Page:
Just like you exercise your muscles, practice your skills

Use it or lose it!

They say, “Use it or lose it!” And that’s true of pretty much everything.

We exercise to improve our health. If we don’t exercise, our health tends to decline.

We exercise to improve our cognition. Yup, exercising our body helps our mind.

We exercise to get stronger. Use those muscles or they become weak.

We exercise to retain flexibility. Don’t stretch and our flexibility decreases.

We exercise aerobically to strengthen our heart and increase lung function. Don’t exercise for a few days and we’re out of breath faster.

Practice not only makes perfect…

The same holds true for other skills. If you played piano when you were younger, you know what I’m talking about! Don’t practice and you won’t even remember where the keys are.

We practice our balance to stay upright and prevent future falls. Falls, especially as we get older, can be dangerous, if not tragic. From slipping and falling on the ice to rolling an ankle on broken pavement, improved balance can help.

Download my “Week of Balance” booklet. A free .pdf file to help you get started retaining your balance.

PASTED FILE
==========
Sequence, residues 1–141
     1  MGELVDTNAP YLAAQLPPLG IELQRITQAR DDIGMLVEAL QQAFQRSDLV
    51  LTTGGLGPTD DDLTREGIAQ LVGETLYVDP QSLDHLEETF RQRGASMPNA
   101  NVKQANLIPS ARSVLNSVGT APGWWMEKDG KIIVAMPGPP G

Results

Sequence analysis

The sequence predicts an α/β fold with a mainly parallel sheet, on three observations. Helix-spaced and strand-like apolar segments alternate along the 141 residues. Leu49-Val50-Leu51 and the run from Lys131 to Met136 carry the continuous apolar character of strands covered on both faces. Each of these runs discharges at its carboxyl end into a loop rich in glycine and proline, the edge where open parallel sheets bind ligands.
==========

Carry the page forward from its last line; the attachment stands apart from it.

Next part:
In dog training it’s the same. Lots of skills are involved in training a dog to compete in obedience or agility. Don’t practice one of them and the behavior deteriorates. My agility instructor likens this theory to circus performers spinning plates on a long dowel. He’d get a row of plates spinning, and when the last one started the first one would start to slow down and topple. The performer would have to run back to the first one and start it spinning again.

Calm your mind

Being able to calm your mind is another skill that requires practice. There are so many distractions in the world that it’s difficult, if not impossible, to focus on a single thing. From our own devices – phones, tablets, laptops, TVs – to the world around us, there’s a lot to take in.

I find it imperative to be able to narrow my focus. I get more done when I’m not trying to do several things at once. We all have heard people extol the virtue of multi-tasking, but the only things that benefit from multi-tasking are computers.

We’re much more productive when we can focus on a single task and then move on to the next one.

Guided meditations can help calm the mind

But many find it hard to calm the mind at first. It just takes practice. And sometimes a little help. Check out my free short, guided meditations. Sometimes just a couple of minutes of a guided meditation helps clear your mind. And there are also lots of free smartphone meditation apps. (I find these to be a little long, but everyone’s different.)

Guided meditations:

Garden meditation

Ocean meditation

River meditation

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